Why you should read this: Because your next delivery might be 3d printed “on the fly”.
Come along ladies and gentlemen. Take my hand and let’s imagine worlds that were and yet may be. Let’s tread the line between science fiction and science fact. Let’s look into our crystal ball to see what the future may hold…then we’ll go out for scones and a latte.
Delivering things has always been a labor intensive job. Whether it’s a single person carrying a parcel, a horse pulling a wagon full, or trains, planes, and automobiles moving packages and letters around the world, a lot of energy and time (not to mention natural resources) goes into getting you what you want. Entire industries have been developed and perfected to link people in all corners of the globe with the things they need.
The advent of the internet and the rapid implementation of e-mail and digital products has moved delivery into a new realm but the vast majority of products are still conveyed manually from here to there. Soon, though, may come a time when the internet is much more than just a medium for documents, software, music, and movies. The days are rapidly approaching when you can have delivered direct to your house – via digital, not manual conveyance – a real and tangible paper-and-ink book, a garment just your size, and even a piping hot pizza with all the fixin’s. This is where we tip toe over the line between science fact and science fiction so hold on tight.
How is this digital delivery of real, physical items possible? Two words (or is it a number, a letter, and a word or a number, an abbreviation, and a word?): 3D Printing.
It’s really not as far-fetched as one might think.
1. The nature of 3D printing
3D printing, coupled with the reach and speed of the internet, is the ideal medium for delivering any and every sort of good imaginable. It’s really already set up to do so.
At the most basic level, 3D printers use digital files – like a standard Word or Excel file – containing all the specifications and instructions necessary to recreate the item on your own personal 3D printer or on your friends printer on the other side of the globe. All that’s required for the next stage in delivery is to connect the 3D printer to the internet.
Many 3D printing companies already participate in a form of digital delivery by allowing you to download the plans for a given item right to your computer. It’s not such a leap to envision a time when clicking ‘Add to Cart’ and ‘Proceed to Checkout’ result, not in a 3 to 10-day wait, but in a 2 to 3-hour wait.
The only major thing holding back 3D printing right now is:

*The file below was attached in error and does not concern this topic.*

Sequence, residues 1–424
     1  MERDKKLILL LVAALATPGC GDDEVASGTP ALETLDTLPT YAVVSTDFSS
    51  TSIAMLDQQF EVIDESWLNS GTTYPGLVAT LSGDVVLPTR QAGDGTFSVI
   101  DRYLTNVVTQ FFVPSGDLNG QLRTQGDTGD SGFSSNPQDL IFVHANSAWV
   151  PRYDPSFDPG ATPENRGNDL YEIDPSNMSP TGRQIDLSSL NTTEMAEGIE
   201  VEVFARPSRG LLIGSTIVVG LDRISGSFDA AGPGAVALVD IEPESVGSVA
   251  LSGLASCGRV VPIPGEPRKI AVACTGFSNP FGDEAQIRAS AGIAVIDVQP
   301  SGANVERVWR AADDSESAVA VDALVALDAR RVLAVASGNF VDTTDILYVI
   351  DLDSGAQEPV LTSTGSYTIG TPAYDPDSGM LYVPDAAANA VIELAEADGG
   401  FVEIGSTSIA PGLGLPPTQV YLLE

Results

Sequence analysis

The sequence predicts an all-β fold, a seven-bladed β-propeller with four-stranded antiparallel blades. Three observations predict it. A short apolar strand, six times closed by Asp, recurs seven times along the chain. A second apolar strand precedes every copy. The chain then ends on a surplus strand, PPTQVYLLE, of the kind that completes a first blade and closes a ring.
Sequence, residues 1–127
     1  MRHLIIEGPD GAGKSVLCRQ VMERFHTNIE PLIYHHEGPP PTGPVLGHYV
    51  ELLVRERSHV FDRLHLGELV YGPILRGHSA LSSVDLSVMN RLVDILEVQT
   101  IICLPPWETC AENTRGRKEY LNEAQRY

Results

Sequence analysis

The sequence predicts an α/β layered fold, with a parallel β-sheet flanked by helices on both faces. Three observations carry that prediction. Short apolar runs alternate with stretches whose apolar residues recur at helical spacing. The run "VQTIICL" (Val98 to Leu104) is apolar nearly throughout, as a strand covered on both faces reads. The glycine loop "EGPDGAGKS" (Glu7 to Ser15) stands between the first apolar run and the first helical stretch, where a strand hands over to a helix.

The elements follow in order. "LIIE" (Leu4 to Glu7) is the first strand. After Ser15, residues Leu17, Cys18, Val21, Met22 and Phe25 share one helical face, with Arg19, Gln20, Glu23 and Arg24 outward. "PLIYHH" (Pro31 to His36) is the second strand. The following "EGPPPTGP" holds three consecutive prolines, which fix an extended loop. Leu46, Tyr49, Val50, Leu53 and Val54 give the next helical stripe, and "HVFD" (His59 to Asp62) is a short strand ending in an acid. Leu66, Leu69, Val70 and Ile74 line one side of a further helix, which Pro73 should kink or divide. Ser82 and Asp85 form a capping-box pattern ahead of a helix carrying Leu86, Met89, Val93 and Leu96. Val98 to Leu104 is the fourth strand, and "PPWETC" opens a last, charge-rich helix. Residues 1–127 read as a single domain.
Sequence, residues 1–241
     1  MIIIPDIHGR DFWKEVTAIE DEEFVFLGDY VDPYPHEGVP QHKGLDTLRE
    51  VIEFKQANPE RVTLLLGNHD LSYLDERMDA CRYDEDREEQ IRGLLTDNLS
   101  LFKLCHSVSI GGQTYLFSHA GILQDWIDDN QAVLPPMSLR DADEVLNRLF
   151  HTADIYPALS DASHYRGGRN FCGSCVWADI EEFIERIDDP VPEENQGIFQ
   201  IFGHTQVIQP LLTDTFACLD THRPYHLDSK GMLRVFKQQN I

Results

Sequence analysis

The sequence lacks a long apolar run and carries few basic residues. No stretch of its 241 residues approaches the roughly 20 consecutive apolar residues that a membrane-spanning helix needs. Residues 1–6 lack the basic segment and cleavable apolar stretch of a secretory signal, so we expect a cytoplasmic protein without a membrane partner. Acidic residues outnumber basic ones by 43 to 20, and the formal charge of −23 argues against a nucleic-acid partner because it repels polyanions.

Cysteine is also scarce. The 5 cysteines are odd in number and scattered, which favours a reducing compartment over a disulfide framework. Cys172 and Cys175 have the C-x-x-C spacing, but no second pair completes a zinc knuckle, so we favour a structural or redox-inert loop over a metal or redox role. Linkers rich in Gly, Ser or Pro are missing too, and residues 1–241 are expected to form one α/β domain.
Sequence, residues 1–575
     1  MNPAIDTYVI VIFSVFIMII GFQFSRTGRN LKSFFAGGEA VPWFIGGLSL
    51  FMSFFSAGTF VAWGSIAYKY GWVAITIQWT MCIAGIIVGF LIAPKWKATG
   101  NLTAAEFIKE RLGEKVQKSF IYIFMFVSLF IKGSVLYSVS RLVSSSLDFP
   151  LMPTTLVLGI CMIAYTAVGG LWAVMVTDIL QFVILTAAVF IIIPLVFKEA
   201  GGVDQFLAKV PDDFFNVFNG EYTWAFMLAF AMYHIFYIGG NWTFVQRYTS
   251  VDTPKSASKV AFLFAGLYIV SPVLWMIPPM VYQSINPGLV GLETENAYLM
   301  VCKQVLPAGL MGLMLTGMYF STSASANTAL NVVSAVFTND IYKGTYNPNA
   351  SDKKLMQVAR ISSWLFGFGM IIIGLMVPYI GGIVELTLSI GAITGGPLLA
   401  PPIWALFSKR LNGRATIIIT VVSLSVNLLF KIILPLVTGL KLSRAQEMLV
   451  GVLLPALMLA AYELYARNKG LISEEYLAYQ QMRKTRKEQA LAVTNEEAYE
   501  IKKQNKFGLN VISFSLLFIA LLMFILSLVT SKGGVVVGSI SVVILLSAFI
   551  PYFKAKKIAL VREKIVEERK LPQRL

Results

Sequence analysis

1) the materials, and
2) the ability to print in multiple materials at the same time.
To point one, new materials are being developed at an alarmingly rapid rate. Only a few years ago, 3D printing was restricted to plastics and metals. Now, 3D printers can compose with wood, paper, heavy metals (e.g., bronze, copper, and brass), food, and even human tissue. Printing with breathable, wearable fabrics could revolutionize the garment industry. And think about your cell phone for a moment. It’s composed of mainly plastics and metals with perhaps a dash of glass thrown in for good measure. Those first two components are already old hat for most personal 3D printers. All it would take is the ability to print with glass and you could 3D print your own iPhone.
That brings us to point two and the real technical advance that must take place to make 3D printing viable as a means of delivery: printers must be able to build in multiple materials at the same time.
There are a lot of useful 3D printed creations out there but all of them are composed of only one material. Sure it’s possible to print the smaller pieces of a larger object out of different materials but, honestly, how is that different than the current methods of subtractive manufacturing? There’s no real innovation in that other than the fact that additive manufacturing the parts may cost less. The real quantum leap in manufacturing would be to compose/print/build (whatever you want to call it) a complex item (like a cell phone) without the need for assembly – build it from the platform up using plastic, metal, and glass so that when the printing process is complete, the item is ready for use. Additive manufacturing has the potential to be that quantum leap.
So, again, imagine you want to buy that new bestseller. You haven’t quite gotten used to reading on a tablet and you like the feel of holding a real book in your hand. With the internet and 3D printing, you’ll be able to purchase the book, print it on your own personal 3D printer, and read it – all in a matter of hours.
You’ve probably heard the news that Amazon.com was toying with the process of using drones to deliver packages. That’s all well and good but it’s really just a refinement on the manual conveyance of packages; it’s really no different than using a truck or a bike to deliver.
But recently, Amazon filed several patent applications for a mobile, on-demand 3D printing service. That’s right, Amazon wants to put 3D printers in their delivery trucks. Add to that the fact that both UPS and FedEx have incorporated 3D printing stations in their stores to capitalize on the growing market. Can you feel the science fiction turning into science fact? I can.
As 3D printing technology continues to grow and as more and more people have user-friendly 3D printers in their home, we creep closer and closer to the time when UPS and FedEx no longer operate a fleet of trucks and planes and instead rely on digital, rather than manual delivery to keep the world running.
Ah, that was fun. Did you enjoy yourself? I certainly did. Now, how about that latte?
License: The text of "The (possible) future of order delivery" by All3DP is licensed under a Creative Commons Attribution 4.0 International License.